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The Kernel Cob Blasting Machine

The Kernel Cob Blasting Machine
Orig. Price: $5,466.12
Sale Price: $4,772.15
% Saved: 13%
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Product Description

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Please note that the decals on the machine have changed and appear different than the picture.

Corn cob blasting results

Great for commercial contractors or the DIY person looking to restore the original look of your log home/cabin.

For professional stain removal and log home preparation, use the Kernel Corn Cob Blaster. It effectively removes stain and is environmentally safe. Stripping can be done in virtually any kind of weather, at any practical temperature.

Standard Grit Corn Cob Media is available at 2,000 lbs (50 bags) for $999.99 with FREE SHIPPING.

Why cant I just use a use a normal sand blaster with cob media?

The Kernel has a built in moisture separator. Corn cob media has to be completely dry in order to work properly. If you try to use corn cob media with a normal sand blaster the media will get wet due to humidity and will not flow properly.

Since water is not used, the surface can be coated with preservatives and stains immediately (if weather permits and after loose dust is blown or brushed away from the surface). This takes full advantage of a very valuable commodity: favorable weather!

Please see the technical data tab for more information about the Kernel Blaster.

Note: There is a flat shipping fee of $250 for the Kernel to a business address and $350 for residential

More Info


We have developed the machine to use corn cob media. There are other types of media, namely walnut shells and baking soda, that have been tested in the Kernel machine.

  • Sand is not recommended, it will damage parts of the machine, and can be hazardous to your health (see regulations section below).
  • Walnut shell media is usually more expensive and more abrasive than cob media, but in your area it might be cost effective to use it. Baking soda works well, but will create more dust and damage plants if not cleaned up.
  • Baking soda has also clogged our machine when humid. Baking soda will strip paint from metal if you ever find a need for it.
  • There are a variety of corn cob grit sizes available, the sizes you will most often use are: 20/40, 40/60, and –40. 20/40 grit is a good, standard size, you will be able to remove most every coating, but watch that you are not doing too much damage to the wood. 40/60 grit is less coarse than the 20/40, and will work well on brittle coatings, but flexible coatings will waste too much material. –40 grit (the finest grit) is good for removing mill glaze or weathering (which all grit sizes will do), without raising as much grain as the coarser grit sizes. Watch for static electricity when using finer grit sizes. All grit sizes will raise the grain on the wood, but in general, the coarser the grit, the more "fuzzing" (which is not nearly as severe as the “felting” often experienced with power washing) and grain raising.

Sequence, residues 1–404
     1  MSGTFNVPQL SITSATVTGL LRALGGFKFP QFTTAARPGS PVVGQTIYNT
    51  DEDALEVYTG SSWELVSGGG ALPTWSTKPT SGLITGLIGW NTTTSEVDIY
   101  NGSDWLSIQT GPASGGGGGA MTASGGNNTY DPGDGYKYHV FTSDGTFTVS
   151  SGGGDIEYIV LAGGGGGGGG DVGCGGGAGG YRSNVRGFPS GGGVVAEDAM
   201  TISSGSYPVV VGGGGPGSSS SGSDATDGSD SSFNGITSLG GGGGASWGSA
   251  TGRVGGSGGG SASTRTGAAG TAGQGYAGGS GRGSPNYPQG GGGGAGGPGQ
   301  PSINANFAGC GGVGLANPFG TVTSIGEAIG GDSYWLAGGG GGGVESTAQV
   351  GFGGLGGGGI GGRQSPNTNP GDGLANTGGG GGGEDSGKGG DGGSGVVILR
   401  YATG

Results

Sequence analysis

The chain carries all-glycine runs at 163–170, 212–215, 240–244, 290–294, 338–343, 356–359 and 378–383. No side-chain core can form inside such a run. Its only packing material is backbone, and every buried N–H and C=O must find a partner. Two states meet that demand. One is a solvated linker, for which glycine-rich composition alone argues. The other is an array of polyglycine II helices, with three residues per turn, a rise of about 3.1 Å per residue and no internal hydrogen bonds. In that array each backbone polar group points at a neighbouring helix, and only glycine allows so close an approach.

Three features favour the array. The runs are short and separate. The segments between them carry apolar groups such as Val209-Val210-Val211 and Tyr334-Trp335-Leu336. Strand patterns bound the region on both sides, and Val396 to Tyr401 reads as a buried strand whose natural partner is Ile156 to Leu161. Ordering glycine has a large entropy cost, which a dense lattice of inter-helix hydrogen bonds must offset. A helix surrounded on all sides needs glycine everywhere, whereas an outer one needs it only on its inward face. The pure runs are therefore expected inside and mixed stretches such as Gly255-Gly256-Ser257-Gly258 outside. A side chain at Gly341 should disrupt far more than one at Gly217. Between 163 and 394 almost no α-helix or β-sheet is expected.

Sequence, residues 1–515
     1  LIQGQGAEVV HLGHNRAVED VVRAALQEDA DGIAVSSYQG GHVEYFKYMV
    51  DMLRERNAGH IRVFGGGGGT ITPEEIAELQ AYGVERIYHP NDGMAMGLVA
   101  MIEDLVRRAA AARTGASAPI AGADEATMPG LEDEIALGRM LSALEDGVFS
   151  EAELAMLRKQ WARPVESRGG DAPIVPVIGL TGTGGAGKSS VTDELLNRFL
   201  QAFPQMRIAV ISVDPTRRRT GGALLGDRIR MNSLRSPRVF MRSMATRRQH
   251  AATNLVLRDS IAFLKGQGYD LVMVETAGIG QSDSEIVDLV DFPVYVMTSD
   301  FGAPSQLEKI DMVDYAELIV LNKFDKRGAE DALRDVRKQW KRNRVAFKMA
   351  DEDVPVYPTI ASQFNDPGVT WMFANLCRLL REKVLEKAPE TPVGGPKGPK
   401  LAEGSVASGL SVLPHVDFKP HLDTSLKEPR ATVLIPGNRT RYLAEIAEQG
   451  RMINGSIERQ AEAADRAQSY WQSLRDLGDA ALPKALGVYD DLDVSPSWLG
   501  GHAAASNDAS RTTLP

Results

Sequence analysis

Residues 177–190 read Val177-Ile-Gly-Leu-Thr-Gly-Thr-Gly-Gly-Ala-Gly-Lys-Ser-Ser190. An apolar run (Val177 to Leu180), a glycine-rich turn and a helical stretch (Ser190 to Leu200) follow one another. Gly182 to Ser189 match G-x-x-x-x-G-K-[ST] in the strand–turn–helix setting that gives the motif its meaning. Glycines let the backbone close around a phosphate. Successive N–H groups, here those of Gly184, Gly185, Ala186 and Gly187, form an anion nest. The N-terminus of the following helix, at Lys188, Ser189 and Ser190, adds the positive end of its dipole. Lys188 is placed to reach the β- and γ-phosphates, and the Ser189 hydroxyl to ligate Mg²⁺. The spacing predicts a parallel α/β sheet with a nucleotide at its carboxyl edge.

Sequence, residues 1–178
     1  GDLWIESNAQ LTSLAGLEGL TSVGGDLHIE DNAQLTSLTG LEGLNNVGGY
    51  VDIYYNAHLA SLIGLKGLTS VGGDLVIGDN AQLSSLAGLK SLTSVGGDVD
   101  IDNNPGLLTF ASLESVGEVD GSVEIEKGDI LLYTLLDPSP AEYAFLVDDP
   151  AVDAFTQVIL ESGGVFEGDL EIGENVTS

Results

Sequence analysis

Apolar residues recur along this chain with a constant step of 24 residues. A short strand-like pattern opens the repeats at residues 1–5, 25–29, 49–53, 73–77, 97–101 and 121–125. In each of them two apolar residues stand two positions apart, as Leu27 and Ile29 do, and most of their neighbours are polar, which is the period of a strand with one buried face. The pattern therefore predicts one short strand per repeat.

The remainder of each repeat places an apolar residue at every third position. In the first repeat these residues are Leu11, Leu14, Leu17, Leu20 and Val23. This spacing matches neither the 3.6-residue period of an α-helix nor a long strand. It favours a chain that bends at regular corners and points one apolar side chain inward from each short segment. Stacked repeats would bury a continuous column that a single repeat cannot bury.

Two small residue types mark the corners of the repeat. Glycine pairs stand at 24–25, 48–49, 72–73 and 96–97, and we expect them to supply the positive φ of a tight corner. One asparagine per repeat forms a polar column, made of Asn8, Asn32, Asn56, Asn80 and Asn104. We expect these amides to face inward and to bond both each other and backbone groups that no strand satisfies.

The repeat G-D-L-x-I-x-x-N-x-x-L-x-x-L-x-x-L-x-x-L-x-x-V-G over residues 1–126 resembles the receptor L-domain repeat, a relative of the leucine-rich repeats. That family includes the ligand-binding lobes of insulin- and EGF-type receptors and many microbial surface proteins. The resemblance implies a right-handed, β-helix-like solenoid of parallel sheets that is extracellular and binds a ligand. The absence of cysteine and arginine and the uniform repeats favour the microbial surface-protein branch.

• Glass media can be run through the Kernel with no problems.


    Each state you work in will have different regulations on the use of abrasive media. Cob media is only regulated based on the nuisance dust it produces. Check each area you work in for the appropriate regulatory measures. Sand media is known to cause silicosis, and there are tight regulatory measures if you want to work with this media.


    You will need a 175-185 cfm (cubic foot per minute) compressor to run the Kernel at constant pressure. Start the machine with 60 psi of pressure, and increase as needed. Adjust the choke valve and the media valve to get a constant (not sputtering) flow. When it is running properly, the media will be slightly discoloring the air flowing from the nozzle.
    With the compressor running, open the valve at the base of the moisture separator until you hear air hissing out of it. Watch to see that water is dripping out of the open valve, you might need to open this valve more when working under humid conditions.


    Spray the wood like you would when spray painting. Keep a constant distance from the wood, and keep moving to avoid cutting into the wood. "Feather" the spray in and out of areas to keep a constant look. Always test an inconspicuous area before starting.

    General Tips

    Clean off the brass media filter every 5 bags or less if it is humid. If dry, you can go longer. The filters are cheap, and you might want to keep a few on hand.

    1 bag of corn cob media will remove 150-300 square feet of coating, based on the type of coating.

    When finished blasting, close the media valve and blast any residue out of the checks and away from the home. A good shop vacuum will pick up a lot of the used cob media, and the material can be re-used if you filter it. Corn cob media won’t hurt the foliage in small quantities, but if you leave mounds on the grass, the media will absorb moisture from plants, so wet down (or have the homeowner soak) the grass when you are done.

    A good technique is to have one person waiting to fill the pot while another runs the machine. Running the machine on a hot day will wear you out, and you will want to switch duties every few bags.

    Extras You Will Want

  • Ear Plugs
  • Gloves
  • 2 Monkey Wrenches
  • 2 Crescent Wrenches
  • Small Brush
  • Neoterik MB14-72 HEPA Filter Air Supply Hood Respirator
  • Spare Battery for the Neoterik Respirator
  • Reviews

    Product Reviews

    5 out of 5, Based on 1 Reviews.
    Write a Review
    excellent product
    February 07, 2018

    this product is built to last and is a must-have tool for the industry

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